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Blizzard of One: Poems Paperback – February 8, 2000

4.2 out of 5 stars 19 customer reviews

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Editorial Reviews

Amazon.com Review

Mark Strand's Blizzard of One features a collage of his own devising on the cover: an expanse of red and blue geometric planes, broken up by the appearance of an ice floe on the imaginary horizon. The image invites the viewer to fill up the surrounding emptiness. So too does the white space surrounding Strand's taut, spare, metaphysical verse. The quest for the single lyric's integrity and wholeness sets Strand apart from those poets for whom the provisional is everything. And this is an artist who never shies away from the absolute: indeed, he manages to make each poem in the book recapitulate the beginning and the end.

There is a terrible atmosphere of finality and doom to these poems. In two splendid villanelles, for example, Strand pays homage to De Chirico, and the tension of lines like these brings with it a strange shiver of pleasure:

Boredom sets in first, and then despair.
One tries to brush it off. It only grows.
Something about the silence of the square.

Something is wrong; something about the air,
Its color; about the light, the way it glows.
Boredom sets in first, and then despair.

Strand continues to acknowledge his debt to Wallace Stevens, while taking the impulse to a further level of abstraction: "Even now we seem to be waiting / For something whose appearance would be its vanishing." Yet he can also deal lightly and self-mockingly with serious concerns: "Now that the great dog I worshipped for years / Has become none other than myself, I can look within / And bark, and I can look at the mountains down the street / And bark at them as well...." No poet has been able to make more out of a minimalist aesthetic than Mark Strand. He strives for elegance and masterful brevity, and whether he's working his ominous or light-fingered register, his formalism is never precious, always an agent of necessity. --Mark Rudman --This text refers to an out of print or unavailable edition of this title.

From Publishers Weekly

Since Yeats linked the "labor to be beautiful" with the work of poetry, no poet has taken the link more to heartAor made handsomer, more stylish poems out of mirror-gazingAthan former Poet Laureate Strand (Dark Harbor, etc.). Whether in the charming monologues of "Five Dogs," the moving elegy "In Memory of Joseph Brodsky" or the dream-memoir of his social circle, "The Delirium Waltz," Strand insists on the failure of poetry to preserve our reflections or to reanimate the ghosts of memory and loss. "Time slips by," he writes in "The Next Time," "our sorrows do not turn into poems,/ And what is invisible stays that way. Desire has fled,/ Leaving only a trace of perfume in its wake,/ And so many people we love have gone." The frank, elegiac brio and easy swing of lines like these have always distinguished Strand's work, and they have never sounded more seductive. Crowded with tributes to friends like Jorie Graham, Octavio Paz and the painter William Bailey, this wonderful, varied new collection also shows a wit reminiscent of John AshberyAprivate, hard to pin down, addicted to deferrals and dying falls. If there is something scandalous in Strand's gorgeous, unabashed nostalgia or erotic melancholy, the scandal is how inescapable these modes remainAfor us and for one of our most deeply enjoyable poets.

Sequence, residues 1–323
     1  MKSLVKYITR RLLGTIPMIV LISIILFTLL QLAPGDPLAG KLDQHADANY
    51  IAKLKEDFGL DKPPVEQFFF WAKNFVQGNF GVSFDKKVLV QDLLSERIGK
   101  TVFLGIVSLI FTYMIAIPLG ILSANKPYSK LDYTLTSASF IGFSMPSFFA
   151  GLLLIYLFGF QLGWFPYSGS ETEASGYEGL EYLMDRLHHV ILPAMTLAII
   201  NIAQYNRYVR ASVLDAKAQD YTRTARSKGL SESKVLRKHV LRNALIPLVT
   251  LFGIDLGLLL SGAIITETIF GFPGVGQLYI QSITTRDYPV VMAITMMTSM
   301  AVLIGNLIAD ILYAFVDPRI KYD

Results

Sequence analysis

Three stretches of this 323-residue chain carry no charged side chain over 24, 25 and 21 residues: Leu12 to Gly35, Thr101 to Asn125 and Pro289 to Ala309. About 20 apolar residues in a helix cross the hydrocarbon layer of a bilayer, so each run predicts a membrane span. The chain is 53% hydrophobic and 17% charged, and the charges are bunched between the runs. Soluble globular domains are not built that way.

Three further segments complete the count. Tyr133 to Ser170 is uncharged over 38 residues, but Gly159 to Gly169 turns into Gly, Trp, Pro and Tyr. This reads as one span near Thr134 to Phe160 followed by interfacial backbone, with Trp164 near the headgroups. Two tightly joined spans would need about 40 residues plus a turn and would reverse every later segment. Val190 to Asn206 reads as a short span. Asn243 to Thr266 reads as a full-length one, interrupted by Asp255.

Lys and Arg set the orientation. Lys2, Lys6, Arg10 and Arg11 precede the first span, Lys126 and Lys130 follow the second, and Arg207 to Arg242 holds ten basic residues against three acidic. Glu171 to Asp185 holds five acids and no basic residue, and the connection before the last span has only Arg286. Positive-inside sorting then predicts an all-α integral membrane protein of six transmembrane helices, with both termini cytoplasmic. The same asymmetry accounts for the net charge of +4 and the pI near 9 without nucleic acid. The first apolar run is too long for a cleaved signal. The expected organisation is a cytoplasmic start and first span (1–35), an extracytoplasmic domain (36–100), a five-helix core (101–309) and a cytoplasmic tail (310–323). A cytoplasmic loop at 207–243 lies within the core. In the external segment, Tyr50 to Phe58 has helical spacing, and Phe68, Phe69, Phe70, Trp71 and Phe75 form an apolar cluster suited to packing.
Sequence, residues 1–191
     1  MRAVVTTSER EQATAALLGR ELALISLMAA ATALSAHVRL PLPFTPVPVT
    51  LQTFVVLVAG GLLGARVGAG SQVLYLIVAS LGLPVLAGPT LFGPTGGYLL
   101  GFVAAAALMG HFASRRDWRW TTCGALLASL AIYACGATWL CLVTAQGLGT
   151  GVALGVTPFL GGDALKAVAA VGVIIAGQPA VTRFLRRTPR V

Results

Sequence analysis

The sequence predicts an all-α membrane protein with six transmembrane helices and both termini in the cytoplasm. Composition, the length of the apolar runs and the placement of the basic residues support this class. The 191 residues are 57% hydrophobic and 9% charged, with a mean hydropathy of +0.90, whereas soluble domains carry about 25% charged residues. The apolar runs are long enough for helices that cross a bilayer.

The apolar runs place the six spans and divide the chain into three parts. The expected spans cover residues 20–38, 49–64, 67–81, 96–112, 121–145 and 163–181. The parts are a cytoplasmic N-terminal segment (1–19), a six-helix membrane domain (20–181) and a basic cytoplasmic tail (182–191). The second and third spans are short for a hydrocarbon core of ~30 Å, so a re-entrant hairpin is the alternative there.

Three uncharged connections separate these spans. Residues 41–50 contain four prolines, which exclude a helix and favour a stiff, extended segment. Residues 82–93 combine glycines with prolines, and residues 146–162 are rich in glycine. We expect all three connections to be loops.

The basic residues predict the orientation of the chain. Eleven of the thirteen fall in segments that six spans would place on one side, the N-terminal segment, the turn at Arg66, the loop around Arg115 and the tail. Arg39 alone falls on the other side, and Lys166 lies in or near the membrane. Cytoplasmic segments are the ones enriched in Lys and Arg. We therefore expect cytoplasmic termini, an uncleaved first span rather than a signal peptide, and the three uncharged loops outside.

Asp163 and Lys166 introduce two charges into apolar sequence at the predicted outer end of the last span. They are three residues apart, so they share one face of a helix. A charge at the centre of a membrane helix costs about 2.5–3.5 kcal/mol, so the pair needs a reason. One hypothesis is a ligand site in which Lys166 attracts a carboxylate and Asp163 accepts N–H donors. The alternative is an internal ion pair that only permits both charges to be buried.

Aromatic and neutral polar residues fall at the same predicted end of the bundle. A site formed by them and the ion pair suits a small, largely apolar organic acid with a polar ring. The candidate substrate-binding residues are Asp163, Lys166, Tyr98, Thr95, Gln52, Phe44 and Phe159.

Copyright 1998 Reed Business Information, Inc. --This text refers to an out of print or unavailable edition of this title.
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Product Details

  • Paperback: 55 pages
  • Publisher: Knopf (February 8, 2000)
  • Language: English
  • ISBN-10: 0375701370
  • ISBN-13: 978-0375701375
  • Product Dimensions: 5.9 x 0.2 x 8.4 inches
  • Shipping Weight: 4.8 ounces (View shipping rates and policies)
  • Average Customer Review: 4.2 out of 5 stars  See all reviews (19 customer reviews)
  • Amazon Best Sellers Rank: #566,331 in Books (See Top 100 in Books)

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Customer Reviews

Top Customer Reviews

Format: Hardcover
As often happens, I am lead to a book of poetry by reading a poem in a magazine and then seeking out the volume in which the poem appears. Often, it takes a few years before the book appears but usually it is worth it. Certainly that is the case with this collection of poems by Mark Strand.

The poem that drew me to Strand is "A Piece of the Storm." This poem is eleven brilliant lines that, in its imagery and complexity, has incredible emotional impact. It is certainly one of the best poems I've read in the past ten years. I'm tempted to quote it in its entirely (as I do to friends) in this review but I'll resist the temptation. Consider just this one line that gives title to the book: "A snowflake, a blizzard of one, weightless, entered your room..." Notice the juxtaposition of descriptions of the snowflake. It is a blizzard, yet it is weightless. And it is the heavy force of this snowflake that leads the poem to its emotional epiphany. Needless to say, I will be turning the lines of the poem over in my mind for years to come.